Jessica Kelley ’08 was sitting in her Advanced Placement English class at Fort Frye High School while she watched an airplane crash into the World Trade Center in New York City.
“It was then and there I knew I wanted to become a journalist,” Kelley says. “I had always had a love for New York City, even though I had never been there. So when I saw the city under attack, my protective instincts kicked in. I wanted to be there. I
wanted to be in the rubble recording all the stories, all the heartache for us to remember for years to come.”
Ten years after witnessing the terrorist attacks of Sept. 11, 2001, Kelley realized her dream of telling the story of that fateful day. As a video traffic programmer for Newsday in Long Island, N.Y., she had the opportunity to work on a video project commemorating the 10th anniversary of the attacks.
The planning for the project began on Sept. 12, 2010, and throughout that year, Newsday employees worked tirelessly to record and catalog videos, photos and articles about the victims of the Sept. 11 terrorist attacks. The result was an extensive online database that catalogues the information for the public to search and view. Kelley’s role in the project was primarily to place and organize the videos online.
“It took hours of organizing and lots of lists to create what you see on your screen.,” Kelley says. “My main task was programming all of the finished video product into an interactive piece online.”
Despite the long hours and hard work, the efforts of Kelley and the rest of her team at Newsday certainly paid off. The project, entitled, “9/11 A Decade Later,” won a 2012 New York Emmy Award for Interactivity.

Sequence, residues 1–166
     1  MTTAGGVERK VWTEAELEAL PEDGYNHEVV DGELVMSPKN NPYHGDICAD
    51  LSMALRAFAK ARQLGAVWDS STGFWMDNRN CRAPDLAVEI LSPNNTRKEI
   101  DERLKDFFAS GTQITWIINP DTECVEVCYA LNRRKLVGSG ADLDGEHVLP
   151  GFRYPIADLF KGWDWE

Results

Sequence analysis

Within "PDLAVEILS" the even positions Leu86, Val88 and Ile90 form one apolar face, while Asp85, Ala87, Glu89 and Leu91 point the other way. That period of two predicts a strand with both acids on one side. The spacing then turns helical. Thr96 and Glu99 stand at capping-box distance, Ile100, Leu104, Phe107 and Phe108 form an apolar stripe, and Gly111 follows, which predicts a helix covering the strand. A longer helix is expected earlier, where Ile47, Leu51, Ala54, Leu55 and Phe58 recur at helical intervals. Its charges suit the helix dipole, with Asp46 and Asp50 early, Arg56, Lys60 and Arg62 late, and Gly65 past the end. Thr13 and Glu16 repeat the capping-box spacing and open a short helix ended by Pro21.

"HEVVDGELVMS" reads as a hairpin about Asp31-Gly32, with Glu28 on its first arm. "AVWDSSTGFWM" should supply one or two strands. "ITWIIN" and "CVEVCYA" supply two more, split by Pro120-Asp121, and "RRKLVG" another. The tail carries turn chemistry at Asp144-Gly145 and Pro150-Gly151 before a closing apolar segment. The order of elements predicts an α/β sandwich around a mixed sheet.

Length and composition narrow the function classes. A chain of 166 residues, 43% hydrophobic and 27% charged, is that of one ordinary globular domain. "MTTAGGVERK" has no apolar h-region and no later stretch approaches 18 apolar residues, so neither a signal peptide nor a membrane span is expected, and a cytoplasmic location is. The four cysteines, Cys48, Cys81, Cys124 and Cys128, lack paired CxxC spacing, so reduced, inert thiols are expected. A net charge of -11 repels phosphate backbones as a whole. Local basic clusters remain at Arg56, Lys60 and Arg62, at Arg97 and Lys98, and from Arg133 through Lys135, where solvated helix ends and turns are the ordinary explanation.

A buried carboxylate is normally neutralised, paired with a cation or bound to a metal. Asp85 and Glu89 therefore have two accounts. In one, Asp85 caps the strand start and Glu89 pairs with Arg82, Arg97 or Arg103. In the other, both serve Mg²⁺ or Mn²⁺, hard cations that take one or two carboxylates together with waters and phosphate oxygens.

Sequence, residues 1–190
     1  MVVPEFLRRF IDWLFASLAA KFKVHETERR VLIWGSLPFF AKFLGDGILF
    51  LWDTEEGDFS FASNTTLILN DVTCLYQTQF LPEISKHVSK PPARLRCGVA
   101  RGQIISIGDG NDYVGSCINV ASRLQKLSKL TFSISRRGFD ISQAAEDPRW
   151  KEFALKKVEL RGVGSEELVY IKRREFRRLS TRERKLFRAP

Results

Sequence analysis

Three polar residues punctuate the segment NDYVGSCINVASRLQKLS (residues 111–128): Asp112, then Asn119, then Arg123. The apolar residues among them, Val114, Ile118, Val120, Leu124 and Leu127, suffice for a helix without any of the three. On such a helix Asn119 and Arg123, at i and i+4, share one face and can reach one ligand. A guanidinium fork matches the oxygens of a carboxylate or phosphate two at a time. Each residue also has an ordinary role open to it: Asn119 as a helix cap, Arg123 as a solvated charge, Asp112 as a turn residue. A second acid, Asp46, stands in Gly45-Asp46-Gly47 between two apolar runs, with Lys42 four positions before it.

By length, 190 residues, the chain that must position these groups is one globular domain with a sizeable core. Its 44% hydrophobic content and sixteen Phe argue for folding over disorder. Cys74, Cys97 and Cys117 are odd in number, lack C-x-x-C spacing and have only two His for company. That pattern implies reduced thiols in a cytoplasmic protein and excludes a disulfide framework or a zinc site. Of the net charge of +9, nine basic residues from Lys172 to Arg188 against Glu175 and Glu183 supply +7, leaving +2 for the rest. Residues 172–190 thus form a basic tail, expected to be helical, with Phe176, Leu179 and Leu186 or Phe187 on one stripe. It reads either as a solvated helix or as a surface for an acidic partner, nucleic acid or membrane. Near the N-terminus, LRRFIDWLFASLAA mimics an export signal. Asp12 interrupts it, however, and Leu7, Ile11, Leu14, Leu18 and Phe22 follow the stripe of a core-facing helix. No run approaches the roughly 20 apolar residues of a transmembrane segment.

The group has recently been nominated for this year’s interactivity award for their multimedia web story entitled, “A Fighting Chance,” which details the history of New York’s Westbury boxing gym.
On a daily basis, Kelley’s duties as a video traffic programmer at Newsday require her involvement in the many aspects of video production. She sends videographers to shoot footage for potential videos, and once the footage has been polished, she spreads the video to the necessary spots on the Newsday website and other social media outlets. She then monitors how the videos are being viewed and uses this information to help her department improve.
“It's an exciting time for journalists in the online video world,” Kelley says. “We're not sure where this roller coaster is taking us, but we know it will be a big part of the future in our industry. We're just holding on for the ride.”
Kelley graduated from Marietta College with a Bachelor of Arts in Radio and Television Broadcasting in 2007. As an undergraduate, she was the features editor for the television station and assistant manager of the radio station. She wrote, produced and co-starred in her own talk show, “Off Beat,” and was a member of Omicron Chi Theta and the National Broadcasting Society. She became one of the first graduates of Marietta College’s Master’s in International Corporate Media program in 2008.
“My education at Marietta College made me into the person I am today,” Kelley says. “It broadened my horizons, created networks and friendships that are still lasting today. I grew up in the Mid-Ohio Valley my entire life, but it wasn't until I was a student at Marietta College that made me proud to be a part of the community.”
Marilee Morrow, Associate Professor of Media Studies at Marietta College, worked closely with Kelley during her time as both an undergraduate and graduate student at Marietta.
“I am so proud of Jessica's Emmy,” Morrow says. “I know first-hand how hard she works and the energy she puts into the creative process. When I watched her Emmy award-winning piece, it was obvious to me that she just pours her emotions into her work and has grown into an even more amazing storyteller. Jessica has certainly earned every bit of her success and will certainly accomplish many more great things during her career.”
For Kelley, winning an Emmy Award for her work on Newsday’s commemorative video project was the realization of the dream that began when she was a high school junior.
“I'm truly humbled and incredibly overwhelmed with gratitude that I was even able to be involved with the process,” Kelley says. “It was a dream come true. I feel complete. Mission accomplished.”